By Jen Herron
Nora begged the twins to stop. Madge’s thick, yellow claw clamped down on Nora’s face, pinning her to the ground. Mabel, the larger twin, stabbed at Nora’s rump with her razor-sharp beak, plucking feathers as a butcher might from a Christmas goose. Nora had heard the horror stories of human brutality, but the cruelty of the twins would rival any bird-eater.
Behind the water trough, Goldie, Nora’s best friend, sank back. How Goldie wished she was braver! She would storm out and give those twins a good bashing; a sharp kick to the breast, a disabling peck to the neck and a particularly ghoulish pluck at the eyes for a solid finish. But it didn’t do to make waves, and it certainly wouldn’t do to wish for more than you were. As much as Goldie loved Nora, she couldn’t sit beneath her in the ranks.
“That’s enough,” said a low voice from the coop door. Black Pearl, the Silkie Queen, had spoken. Her presence at once awe-inspiring and frightening, Black Pearl had the gravitas of a sparrow-hawk, nay, a buzzard! Though she was smaller than the twins, what she lacked in stature she made up in attitude; a puffed-up breast, a high, piercing beak and a rugged, cocky swagger. Pearl strutted in, and all three hens bowed their heads. Goldie cowered behind the trough, her tail feathers quivering.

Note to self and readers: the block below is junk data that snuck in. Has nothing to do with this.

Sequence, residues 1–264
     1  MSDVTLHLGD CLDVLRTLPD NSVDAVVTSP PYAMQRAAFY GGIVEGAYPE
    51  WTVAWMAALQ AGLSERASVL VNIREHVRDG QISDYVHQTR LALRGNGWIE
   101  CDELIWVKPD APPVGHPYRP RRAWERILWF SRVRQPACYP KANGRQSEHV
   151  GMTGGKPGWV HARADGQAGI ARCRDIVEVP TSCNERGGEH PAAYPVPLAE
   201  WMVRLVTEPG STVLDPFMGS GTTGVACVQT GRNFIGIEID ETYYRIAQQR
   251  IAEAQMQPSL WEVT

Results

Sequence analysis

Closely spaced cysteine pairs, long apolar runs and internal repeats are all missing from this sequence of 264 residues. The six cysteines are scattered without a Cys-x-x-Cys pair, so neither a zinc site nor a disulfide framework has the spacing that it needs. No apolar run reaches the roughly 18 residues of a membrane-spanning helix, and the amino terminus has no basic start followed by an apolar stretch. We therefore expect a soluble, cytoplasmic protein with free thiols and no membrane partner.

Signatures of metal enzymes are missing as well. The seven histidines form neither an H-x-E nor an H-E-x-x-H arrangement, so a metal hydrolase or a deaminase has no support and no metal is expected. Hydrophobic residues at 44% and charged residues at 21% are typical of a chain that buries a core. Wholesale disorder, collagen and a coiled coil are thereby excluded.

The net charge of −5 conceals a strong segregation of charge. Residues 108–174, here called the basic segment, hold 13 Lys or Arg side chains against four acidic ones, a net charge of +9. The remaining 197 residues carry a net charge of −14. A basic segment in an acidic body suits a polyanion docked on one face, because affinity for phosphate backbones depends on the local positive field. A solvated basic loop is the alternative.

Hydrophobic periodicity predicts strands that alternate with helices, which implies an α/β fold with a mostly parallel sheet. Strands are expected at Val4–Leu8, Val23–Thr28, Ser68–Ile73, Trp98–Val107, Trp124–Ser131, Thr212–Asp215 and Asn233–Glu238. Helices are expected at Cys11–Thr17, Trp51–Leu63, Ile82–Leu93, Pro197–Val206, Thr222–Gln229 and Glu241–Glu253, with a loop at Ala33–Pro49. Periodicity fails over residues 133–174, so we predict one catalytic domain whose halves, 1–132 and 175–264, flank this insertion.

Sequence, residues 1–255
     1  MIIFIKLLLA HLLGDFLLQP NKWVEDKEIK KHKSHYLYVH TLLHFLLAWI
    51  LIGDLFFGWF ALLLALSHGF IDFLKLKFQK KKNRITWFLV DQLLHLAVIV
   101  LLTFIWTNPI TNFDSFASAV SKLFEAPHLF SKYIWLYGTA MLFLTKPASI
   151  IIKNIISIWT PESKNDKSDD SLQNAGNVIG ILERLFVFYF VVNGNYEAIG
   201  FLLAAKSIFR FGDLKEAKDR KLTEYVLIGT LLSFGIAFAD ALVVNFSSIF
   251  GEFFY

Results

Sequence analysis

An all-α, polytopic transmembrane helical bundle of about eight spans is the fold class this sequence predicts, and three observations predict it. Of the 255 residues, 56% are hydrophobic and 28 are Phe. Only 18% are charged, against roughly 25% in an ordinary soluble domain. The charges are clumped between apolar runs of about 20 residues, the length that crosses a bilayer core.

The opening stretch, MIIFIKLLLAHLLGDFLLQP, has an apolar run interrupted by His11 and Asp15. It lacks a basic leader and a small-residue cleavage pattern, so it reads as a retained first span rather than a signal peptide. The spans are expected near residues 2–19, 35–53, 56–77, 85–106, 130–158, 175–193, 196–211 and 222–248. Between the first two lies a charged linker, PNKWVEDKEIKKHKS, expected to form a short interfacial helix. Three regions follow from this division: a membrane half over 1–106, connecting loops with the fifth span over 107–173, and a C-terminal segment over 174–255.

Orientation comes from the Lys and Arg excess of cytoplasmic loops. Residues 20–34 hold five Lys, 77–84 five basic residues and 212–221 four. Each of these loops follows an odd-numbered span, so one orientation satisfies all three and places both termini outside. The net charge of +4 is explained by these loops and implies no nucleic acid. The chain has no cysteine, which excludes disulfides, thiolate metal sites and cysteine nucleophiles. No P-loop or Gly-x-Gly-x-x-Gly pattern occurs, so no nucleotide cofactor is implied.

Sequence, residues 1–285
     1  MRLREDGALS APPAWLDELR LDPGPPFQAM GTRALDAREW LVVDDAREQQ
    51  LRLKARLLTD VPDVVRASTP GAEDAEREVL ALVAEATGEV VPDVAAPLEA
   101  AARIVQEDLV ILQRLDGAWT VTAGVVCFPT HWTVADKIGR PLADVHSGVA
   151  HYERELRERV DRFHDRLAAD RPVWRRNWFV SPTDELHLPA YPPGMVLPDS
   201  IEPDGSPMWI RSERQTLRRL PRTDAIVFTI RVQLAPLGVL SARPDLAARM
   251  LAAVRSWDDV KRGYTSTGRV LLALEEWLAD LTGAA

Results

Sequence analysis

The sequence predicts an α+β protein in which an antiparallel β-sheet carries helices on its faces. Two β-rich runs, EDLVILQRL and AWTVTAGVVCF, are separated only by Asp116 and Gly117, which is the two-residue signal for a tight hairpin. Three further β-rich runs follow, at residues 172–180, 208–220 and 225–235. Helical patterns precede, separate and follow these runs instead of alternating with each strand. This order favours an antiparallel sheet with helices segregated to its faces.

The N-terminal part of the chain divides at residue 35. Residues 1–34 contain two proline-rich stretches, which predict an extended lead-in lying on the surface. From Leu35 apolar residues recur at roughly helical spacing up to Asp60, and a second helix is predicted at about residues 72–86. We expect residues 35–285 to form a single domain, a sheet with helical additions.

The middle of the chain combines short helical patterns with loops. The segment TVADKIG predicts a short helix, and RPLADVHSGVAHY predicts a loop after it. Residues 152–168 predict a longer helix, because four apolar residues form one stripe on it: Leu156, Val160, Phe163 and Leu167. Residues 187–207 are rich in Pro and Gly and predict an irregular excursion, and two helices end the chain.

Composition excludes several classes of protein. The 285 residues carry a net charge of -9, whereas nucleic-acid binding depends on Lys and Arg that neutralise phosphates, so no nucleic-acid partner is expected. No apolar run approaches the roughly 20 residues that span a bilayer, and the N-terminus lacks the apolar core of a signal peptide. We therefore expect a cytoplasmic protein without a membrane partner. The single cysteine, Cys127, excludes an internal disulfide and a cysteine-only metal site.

“How many times? You do not eat till I say so.” Pearl growled.
“Yes, Pearl. Sorry Pearl. But I haven’t eaten in days,” replied Nora.
A shriek of pain pierced the air as Pearl ripped a feather from Nora’s head and gobbled it down her throat.
“Not a single grain.” Pearl waited for Nora to answer back.
Only a frightened cluck passed Nora’s beak as she shook amongst the shavings. Content with Nora’s humiliation, Pearl exited the coop, her two bodyguards wobbling behind her.
The water trough clanked on the wooden floor as Goldie launched from her hiding place. Goldie unfurled her small, amber wing, placing it over Nora’s battered body. Nora rejected the wing and shook herself off.
“Bloody bitches,” said Nora, rising to her feet. “Did they get my silver tail feather?”
Goldie checked Nora’s behind. An elongated, iridescent feather peered elegantly from Nora’s plumage. “It’s still there.”
“Thank God. I’m not sure how much more of this I can take.”
“Come on,” replied Goldie, “let’s dig up some worms. That always cheers you up.”